3. Discussion

PTC is the most common form of thyroid cancer, accounting for approximately 80% of all thyroid cancers [10]. While bone metastases are rare, they can manifest as a complication of aggressive thyroid carcinoma [3]. Bone has been reported as the second most common metastasis site with well-differentiated thyroid cancer, with follicular carcinoma more prevalent as an etiology (7–28%) than that of PTC origin (1.4–7%) [9, 11]. To this end, our case depicts a unique presentation of thyroidal tissue metastases to the bone due to being confirmed a papillary subtype of well-differentiated thyroid cancer, which typically has a very low propensity for bone metastasis.

Numerous factors contribute to the development of bone metastases. Increased blood flow in bone marrow serves as a powerful mechanism to favor the hematogenous spread of tumor cells [4, 11]. Malignant cells are also known to secrete angiogenesis compounds, which enhance bone resorption, creating an optimal environment for tumors to grow and develop [4]. Thyroid carcinoma is known as an osteolytic tumor. It can enhance the production of IL-1, IL-6, and receptor activator of nuclear factor-kB ligand (RANK-L), which ultimately leads to the resorptive activity of the bone and secondary bone formation as a response [12]. Furthermore, adhesive molecules synthesized by tumor cells allow them to attach to the bone matrix easily. Some studies have shown that bone involvement is more frequent in well-differentiated thyroid cancer than moderately or poorly differentiated thyroid cancer, but this is not conclusive [13, 14]. Typically, cancer cells that exchange biological information with bone environments can establish bone metastases. The “seed and soil” hypothesis is widely accepted [6]. Circulating cancer cells (seeds) have a propensity to metastasize to organs with the microenvironment (soil) advantageous for their growth. The ability of cells to survive, multiply, and recruit a blood supply gives rise to metastases. Bone is a large repository for immobilized growth factors, including transforming growth factors, insulin-like growth factors-I and II (IGF-I and II), fibroblast growth factors, platelet-derived growth factors, bone morphogenetic proteins, and calcium. Released and activated during bone resorption, these factors render the bone fertile for tumor growth [7]. More than 80% of bone metastases from all tumors, including DTC, are in axial skeleton red marrow where blood flow is high (vertebrae, ribs, and hips). In our patient, osseous metastasis to the sacrum is consistent with this finding. Tumor cell adhesive molecules bind the tumor cells to marrow stromal cells and bone matrix, allowing them to grow and produce angiogenic and bone-resorbing factors [11]. Most DTC patients have predominantly osteolytic lesions, with the secondary formation of the bone in response to bone destruction.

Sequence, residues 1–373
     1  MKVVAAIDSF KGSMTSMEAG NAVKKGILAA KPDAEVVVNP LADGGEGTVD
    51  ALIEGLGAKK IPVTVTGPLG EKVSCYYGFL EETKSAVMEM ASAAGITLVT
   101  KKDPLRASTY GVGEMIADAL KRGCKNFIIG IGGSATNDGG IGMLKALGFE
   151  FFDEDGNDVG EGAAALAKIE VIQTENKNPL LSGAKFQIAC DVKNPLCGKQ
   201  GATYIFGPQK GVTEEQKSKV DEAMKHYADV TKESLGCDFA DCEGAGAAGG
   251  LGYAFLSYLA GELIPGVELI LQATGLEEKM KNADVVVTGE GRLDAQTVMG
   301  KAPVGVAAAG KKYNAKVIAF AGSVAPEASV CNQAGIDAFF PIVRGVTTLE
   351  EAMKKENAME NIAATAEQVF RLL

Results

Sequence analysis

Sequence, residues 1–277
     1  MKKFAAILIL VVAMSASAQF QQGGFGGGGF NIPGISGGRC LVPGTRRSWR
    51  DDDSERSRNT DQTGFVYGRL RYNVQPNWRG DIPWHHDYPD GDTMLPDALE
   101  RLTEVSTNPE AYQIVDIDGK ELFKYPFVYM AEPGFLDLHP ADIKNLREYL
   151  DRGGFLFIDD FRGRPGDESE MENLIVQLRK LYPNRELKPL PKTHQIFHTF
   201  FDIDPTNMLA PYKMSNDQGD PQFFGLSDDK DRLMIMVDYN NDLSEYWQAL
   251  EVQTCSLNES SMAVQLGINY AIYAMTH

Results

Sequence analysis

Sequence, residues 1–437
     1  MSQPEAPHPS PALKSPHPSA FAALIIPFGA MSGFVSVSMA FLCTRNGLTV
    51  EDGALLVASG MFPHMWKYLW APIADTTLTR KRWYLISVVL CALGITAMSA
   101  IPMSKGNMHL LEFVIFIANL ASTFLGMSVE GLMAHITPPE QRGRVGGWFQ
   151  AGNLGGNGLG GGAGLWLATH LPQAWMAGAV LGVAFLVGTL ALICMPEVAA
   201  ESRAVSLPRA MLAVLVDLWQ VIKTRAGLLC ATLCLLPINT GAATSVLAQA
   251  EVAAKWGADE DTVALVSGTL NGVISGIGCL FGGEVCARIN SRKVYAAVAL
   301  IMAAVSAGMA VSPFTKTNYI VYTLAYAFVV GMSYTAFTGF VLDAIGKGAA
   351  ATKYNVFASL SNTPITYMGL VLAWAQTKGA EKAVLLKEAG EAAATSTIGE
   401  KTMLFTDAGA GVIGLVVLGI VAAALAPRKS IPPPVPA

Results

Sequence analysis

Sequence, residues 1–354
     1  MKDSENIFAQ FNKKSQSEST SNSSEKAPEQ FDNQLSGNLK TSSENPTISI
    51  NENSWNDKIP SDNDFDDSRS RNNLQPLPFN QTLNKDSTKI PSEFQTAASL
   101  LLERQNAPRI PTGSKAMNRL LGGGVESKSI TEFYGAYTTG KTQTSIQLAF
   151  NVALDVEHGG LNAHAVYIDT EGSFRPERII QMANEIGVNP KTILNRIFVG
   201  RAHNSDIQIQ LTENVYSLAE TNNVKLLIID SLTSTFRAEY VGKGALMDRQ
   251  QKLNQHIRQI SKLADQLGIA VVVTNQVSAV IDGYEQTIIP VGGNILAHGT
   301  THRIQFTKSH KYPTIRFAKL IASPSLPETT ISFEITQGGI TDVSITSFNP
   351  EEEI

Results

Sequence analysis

Moreover, with respect to metastatic bone lesions, our case is unique, in that it shows primary bone metastasis initially noted to the clavicle. The clavicle is a unique bone from a developmental standpoint. It is known to be the first bone to ossify in the embryo while continuing its ossification process until 18–20 years of age. However, the clavicle’s scarce red marrow and scant vascularity make it a rare location for malignancy [15]. As a result, metastatic involvement of the clavicle becomes an even more rare event (0–15% of all known clavicular lesions) with little known about its management [9]. Most presentations of clavicular lesions are reported in small case studies with a broad spectrum of presentations [16]. Regarding the lesion location, the medial third of the clavicular is the most commonly affected location in the clavicular bone, with 60% of the lesions localized to this area [15]. In our case, the lesion encapsulated the medial third of the clavicle, consistent with the most common location of clavicular lesions.

Previous studies have investigated the various prognostic factors in patients with bone metastases from thyroid cancer. These factors, including age (greater than 45 years), poor differentiation, follicular thyroid carcinoma, and Hurthle cell variant, as well as extrapulmonary metastasis, have generally been associated with poorer cancer-specific survival [17]. A study by Durante et al. showed that the 10-year survival was reduced from 80% to 95% in patients with well-differentiated thyroid carcinoma to 14% in patients older than 40 years of age with macronodular lung metastases or multiple bone metastases [18]. Other studies have reported improved overall survival in patients who had lesions that concentrated radioactive iodine and those who had nonosseous lesions [3]. This same investigation reported bone metastasis in 47% of patients, with vertebra (29%), pelvis (22%), ribs (17%), and femur (11%) being the most common sites of metastasis [3]. In a more recent retrospective study that included 64 patients, improved long-term outcomes were associated with younger age, lower tumor stage, no extrathyroidal extension, and nonspinal metastases [5]. Not only was our patient below the age of 45 but his presentation of thyroid extension was also only limited to the clavicular bone with no known evidence of additional metastases. These factors would give our patient a more favorable outcome for his presentation.